by Kevin O’Brien
While at Computex 2008, I had a chance to get my hands on the new Asus Eee PC 901, as they are currently for sale in Taiwan, even though the US won’t get them for quite a while longer. It took a bit of work (as well as the help of two other tech writers) to search the computer district in the Kauanghua Plaza for a store that had the Eee PC 901 in stock, but we finally managed to snag some. Read on to see how well these early release Taiwanese Asus Eee PC 901’s worked out.
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Asus Eee PC 901 12GB specifications:
- Intel Atom 1.6GHz processor
- 12GB of Flash-based storage (4GB onboard SSD and 8GB PCI-E mini card SSD)
- 1GB of DDR2 RAM (667MHz)
- Windows XP operating system
- 8.9-inch screen with 1024 x 600 resolution
- Ports: 3 USB 2.0, 1 VGA monitor out, headphone jack, microphone input, SD card reader (SDHC compatible), Kensington lock slot, Ethernet 10/100
- Webcam (1.3 MP)
- Battery: 6600 mAh 7.2V Li-Ion
- Wireless: 802.11b/g/n Atheros, Bluetooth 2.0
- Input: Keyboard and Multi-touch touchpad
- One-year warranty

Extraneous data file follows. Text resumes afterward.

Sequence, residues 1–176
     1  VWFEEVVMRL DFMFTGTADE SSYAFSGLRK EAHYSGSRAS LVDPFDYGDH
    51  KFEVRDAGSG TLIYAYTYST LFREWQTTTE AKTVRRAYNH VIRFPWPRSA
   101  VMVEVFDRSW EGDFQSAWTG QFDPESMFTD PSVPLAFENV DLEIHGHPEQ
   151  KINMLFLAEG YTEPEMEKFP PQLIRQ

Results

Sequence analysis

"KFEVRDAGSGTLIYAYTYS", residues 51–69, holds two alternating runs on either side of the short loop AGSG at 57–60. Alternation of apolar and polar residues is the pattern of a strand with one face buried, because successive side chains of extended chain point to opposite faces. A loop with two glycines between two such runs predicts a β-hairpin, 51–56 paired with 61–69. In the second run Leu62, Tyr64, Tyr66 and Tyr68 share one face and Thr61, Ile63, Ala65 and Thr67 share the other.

Build and Design
The new Eee PC 901 looks much different, in a good way, than the older 900. The body has a much smoother design, including a very nice glossy finish that is many steps above the older pearl finish found on the 701 and 900. The Asus logo front and center on the display cover is gone, and replaced with a "Eee" branding, which in my opinion looks much nicer and more polished. The new look of the 901 does increase the size by a tiny amount around the screen bezel, which you only notice when you have it side by side with the older 900.
Build quality is better than ever, from the better paint finish to the stronger feeling screen hinge. With each revision the Asus Eee PC starts feeling or looking less like a cheap budget notebook and more like a high quality portable notebook.
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The display doesn’t appear to have changed from the older 900, and probably uses the exact same LCD panel. Colors are bright and vibrant, whites are clean, and viewing angles could even be considered above those of many higher end notebooks. The only complaint I have with the screen is a light sparkly effect that you can notice when looking at solid colors on the screen.
Keyboard and Touchpad
The keyboard stayed basically the same from the older 900, with a few minor font tweaks to some of the buttons. The keys and action remained identical though, so don’t expect anything above what you might have already experienced on the 701 or 900. The keyboard on two of the Eee PC 901’s we were playing with had a bulging in the center, and a slightly tweaked spacebar and alt key. After tearing the keyboard off and bending it slightly in my hand, as well as reseating the cable, we were back in action with a much better feeling keyboard. Since these were fresh off the lot notebooks, some of this might be related to assembly quirks being worked out in the Taiwan market.